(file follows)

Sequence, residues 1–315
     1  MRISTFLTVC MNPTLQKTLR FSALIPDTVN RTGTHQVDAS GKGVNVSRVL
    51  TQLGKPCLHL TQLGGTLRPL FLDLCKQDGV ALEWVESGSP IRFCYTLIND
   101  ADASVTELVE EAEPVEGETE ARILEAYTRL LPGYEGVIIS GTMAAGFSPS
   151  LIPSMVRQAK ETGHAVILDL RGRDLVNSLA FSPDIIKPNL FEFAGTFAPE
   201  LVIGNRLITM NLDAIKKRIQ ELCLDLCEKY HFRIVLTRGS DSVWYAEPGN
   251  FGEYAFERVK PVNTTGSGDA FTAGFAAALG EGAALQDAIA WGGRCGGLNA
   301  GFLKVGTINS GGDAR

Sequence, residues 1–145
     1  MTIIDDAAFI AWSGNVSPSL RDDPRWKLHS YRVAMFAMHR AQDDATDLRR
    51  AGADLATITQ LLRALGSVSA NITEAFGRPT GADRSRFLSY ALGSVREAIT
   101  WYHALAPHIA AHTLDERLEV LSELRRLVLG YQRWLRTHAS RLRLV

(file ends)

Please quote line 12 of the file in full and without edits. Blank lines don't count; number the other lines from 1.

   101  WYHALAPHIA AHTLDERLEV LSELRRLVLG YQRWLRTHAS RLRLV